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Bosses Take Pay Cuts to Keep Others Working


Bill Harrell says he and other senior partners “figured our children are grown and we don’t have to make $5 million a year. It’s bizarre to me that people in corporate America would take $30 million bonuses and lay off 60,000 people.” The senior partners at Harrell & Harrell law firm decided to forgo their bonuses. [Photo: Kelly LaDuke]
When they saw the economy starting to slide in early 2007, the five senior partners at Harrell & Harrell law firm in Jacksonville (No. 5 Midsized) went on a cost-cutting binge and also did something much bigger: They quit taking their bonuses, the multimillion-dollar perks that sweeten the lives of successful trial lawyers. The tactic has been particularly timely: Of the 60 paralegals and support staff at the firm, 14 of their spouses have been laid off from jobs in the construction or real estate industry because of the downturn.

At companies throughout the state, business leaders and senior managers are opting to take large pay cuts themselves in order to avoid cutting the salaries of rank-and-file employees or eliminating jobs altogether.

Executives at PSS World Medical in Jacksonville (No. 9 Large), for instance, chose to take a 5% pay cut earlier this year so they could give all other staffers a 2% raise. CEO David A. Smith says it’s his goal to lead the company through the downturn with no layoffs. In nearby St. Augustine at Davidson Realty (No. 2 Small), President Jim Davidson and Ed Gil, vice president of finance, have gone without pay for more than a year in order to avoid further layoffs at the development company and real estate brokerage. The company was forced to lay off two of 22 employees because of the real estate downturn but has kept up full salaries and health insurance, for which it pays 100% of employees’ contributions, an IRA and other benefits. “The mission statement is ‘value people first — before, over, and above everything else,’ ” says Controller Cindy Vaughn. “Going without pay to retain the rest of us makes it pretty clear that they mean that.”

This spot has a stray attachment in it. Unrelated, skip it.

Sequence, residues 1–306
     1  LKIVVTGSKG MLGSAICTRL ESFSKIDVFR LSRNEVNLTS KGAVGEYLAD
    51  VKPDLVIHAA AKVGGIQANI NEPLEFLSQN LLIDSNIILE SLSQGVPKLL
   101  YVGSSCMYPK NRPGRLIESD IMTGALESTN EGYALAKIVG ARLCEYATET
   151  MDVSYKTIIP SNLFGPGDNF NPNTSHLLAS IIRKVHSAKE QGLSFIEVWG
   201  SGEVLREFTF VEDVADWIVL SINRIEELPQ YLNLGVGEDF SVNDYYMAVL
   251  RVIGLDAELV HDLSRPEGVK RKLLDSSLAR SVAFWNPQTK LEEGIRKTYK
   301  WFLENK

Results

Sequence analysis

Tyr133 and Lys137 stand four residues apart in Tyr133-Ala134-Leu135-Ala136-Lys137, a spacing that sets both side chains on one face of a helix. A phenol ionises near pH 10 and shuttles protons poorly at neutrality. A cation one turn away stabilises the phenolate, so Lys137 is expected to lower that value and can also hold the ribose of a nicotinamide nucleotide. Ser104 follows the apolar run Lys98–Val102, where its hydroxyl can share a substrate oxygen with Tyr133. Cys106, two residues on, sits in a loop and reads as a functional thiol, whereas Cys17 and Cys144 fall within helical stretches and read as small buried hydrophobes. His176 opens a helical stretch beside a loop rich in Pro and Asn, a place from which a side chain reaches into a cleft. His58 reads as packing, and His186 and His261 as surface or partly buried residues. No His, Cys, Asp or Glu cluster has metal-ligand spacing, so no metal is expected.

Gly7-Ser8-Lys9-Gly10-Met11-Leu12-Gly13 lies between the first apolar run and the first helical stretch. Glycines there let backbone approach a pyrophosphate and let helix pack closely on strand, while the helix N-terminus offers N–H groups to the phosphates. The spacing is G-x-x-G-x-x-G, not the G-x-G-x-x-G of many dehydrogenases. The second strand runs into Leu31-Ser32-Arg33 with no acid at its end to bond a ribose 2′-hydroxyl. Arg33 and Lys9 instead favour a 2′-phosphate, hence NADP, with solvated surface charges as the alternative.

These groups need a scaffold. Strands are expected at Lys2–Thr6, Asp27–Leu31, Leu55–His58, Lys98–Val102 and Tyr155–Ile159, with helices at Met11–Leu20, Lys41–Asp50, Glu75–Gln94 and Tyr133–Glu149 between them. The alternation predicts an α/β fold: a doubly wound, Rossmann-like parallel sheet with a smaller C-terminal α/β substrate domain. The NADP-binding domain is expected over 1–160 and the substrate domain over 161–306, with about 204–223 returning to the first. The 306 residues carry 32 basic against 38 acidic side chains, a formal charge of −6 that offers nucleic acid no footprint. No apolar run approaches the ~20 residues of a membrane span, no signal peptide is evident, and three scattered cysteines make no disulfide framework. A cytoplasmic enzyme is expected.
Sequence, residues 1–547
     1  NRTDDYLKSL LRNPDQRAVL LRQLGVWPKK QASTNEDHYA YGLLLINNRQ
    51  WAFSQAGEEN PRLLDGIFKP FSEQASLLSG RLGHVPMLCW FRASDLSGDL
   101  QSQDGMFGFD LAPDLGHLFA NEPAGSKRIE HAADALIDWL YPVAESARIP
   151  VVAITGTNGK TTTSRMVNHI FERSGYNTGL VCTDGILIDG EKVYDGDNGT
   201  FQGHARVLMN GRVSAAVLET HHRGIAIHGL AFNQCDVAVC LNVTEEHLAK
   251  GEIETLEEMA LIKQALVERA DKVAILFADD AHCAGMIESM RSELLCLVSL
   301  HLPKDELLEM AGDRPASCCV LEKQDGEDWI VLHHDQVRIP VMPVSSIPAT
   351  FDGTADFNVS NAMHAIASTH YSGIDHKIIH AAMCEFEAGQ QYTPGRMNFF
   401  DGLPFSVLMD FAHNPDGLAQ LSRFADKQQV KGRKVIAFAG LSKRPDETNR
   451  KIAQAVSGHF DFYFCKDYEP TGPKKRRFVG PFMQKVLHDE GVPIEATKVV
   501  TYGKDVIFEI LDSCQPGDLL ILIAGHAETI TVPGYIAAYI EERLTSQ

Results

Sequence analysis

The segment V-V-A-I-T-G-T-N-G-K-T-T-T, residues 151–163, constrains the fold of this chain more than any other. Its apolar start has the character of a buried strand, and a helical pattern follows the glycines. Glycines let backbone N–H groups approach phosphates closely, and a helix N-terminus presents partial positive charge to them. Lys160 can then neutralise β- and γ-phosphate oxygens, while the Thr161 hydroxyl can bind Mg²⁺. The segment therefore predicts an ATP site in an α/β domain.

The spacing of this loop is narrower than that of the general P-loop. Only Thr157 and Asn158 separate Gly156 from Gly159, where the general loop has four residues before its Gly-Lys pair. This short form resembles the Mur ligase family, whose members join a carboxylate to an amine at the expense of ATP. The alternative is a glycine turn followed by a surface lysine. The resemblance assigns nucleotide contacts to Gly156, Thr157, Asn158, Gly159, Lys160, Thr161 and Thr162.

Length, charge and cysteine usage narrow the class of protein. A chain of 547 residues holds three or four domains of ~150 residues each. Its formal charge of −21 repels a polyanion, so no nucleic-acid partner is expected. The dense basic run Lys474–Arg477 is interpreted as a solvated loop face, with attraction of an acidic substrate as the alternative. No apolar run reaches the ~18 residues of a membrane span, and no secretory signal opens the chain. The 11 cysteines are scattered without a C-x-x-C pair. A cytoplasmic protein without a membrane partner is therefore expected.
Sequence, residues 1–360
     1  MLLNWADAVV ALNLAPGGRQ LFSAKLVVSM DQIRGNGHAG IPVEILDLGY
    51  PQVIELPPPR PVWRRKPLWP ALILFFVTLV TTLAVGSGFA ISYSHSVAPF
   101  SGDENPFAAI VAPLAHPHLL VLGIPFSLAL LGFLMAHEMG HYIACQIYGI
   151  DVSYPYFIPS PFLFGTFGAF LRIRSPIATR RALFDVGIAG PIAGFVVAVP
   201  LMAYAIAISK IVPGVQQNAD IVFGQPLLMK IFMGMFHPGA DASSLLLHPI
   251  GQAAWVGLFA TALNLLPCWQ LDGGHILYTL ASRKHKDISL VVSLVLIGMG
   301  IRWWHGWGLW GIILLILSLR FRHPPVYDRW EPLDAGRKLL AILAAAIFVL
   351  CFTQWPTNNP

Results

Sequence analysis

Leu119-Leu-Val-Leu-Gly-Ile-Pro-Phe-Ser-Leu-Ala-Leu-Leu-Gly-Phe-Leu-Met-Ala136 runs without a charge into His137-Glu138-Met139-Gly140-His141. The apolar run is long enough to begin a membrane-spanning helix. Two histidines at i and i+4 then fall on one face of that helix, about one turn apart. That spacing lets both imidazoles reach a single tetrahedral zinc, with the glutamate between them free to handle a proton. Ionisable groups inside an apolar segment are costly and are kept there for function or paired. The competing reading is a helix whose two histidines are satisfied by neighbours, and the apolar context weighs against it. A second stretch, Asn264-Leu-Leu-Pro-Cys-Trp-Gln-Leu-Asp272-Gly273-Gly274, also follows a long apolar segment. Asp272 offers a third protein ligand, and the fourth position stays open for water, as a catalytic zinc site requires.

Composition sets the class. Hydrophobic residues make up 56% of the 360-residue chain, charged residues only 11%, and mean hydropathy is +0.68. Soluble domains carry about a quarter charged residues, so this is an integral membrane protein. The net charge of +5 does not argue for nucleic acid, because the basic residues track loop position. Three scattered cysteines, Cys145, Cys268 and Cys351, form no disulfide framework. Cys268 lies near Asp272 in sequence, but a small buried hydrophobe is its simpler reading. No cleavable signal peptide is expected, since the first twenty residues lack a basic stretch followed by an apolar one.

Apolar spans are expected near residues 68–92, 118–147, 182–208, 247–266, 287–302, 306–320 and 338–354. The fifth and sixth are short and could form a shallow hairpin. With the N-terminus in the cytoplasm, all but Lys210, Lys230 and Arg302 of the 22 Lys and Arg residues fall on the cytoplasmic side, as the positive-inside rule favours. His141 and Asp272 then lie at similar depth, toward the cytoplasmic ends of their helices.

Last year at Raymond James (No. 8 Large), CEO Tom James froze the salaries of all employees at the vice presidential level and above and awarded lower bonuses, while associates at the firm received their annual increases and usual bonuses. “Tom believes it has to start at the top. Quite frankly, in really good times, the people at the top tend to benefit more, but in bad times they have to take a bigger hit,” says Angela Biever, chief administrative officer.

This year, however, the company has opted not to give associates pay increases either but still anticipates paying bonuses, albeit smaller. Biever admits that James wrestled with the decision. “Tom kept waiting and waiting. He ended up sending out a note to all employees saying there would be no salary increase. He talked about how tough it was.” Biever says that the company’s employees took the news in stride: “We all understand it’s a tougher time and the company won’t make as much money this year as last year.”

Several companies that have imposed across-the-board pay cuts report that they have shifted more of the burden to higher-level employees. At Shared Technologies (No. 2 Midsized), all employees under the director level with a base salary of $40,000 were given a temporary 5% pay cut, while directors and above took a 10% hit. The company’s CEO “took a significantly higher pay cut,” says company representative Katy Moreno.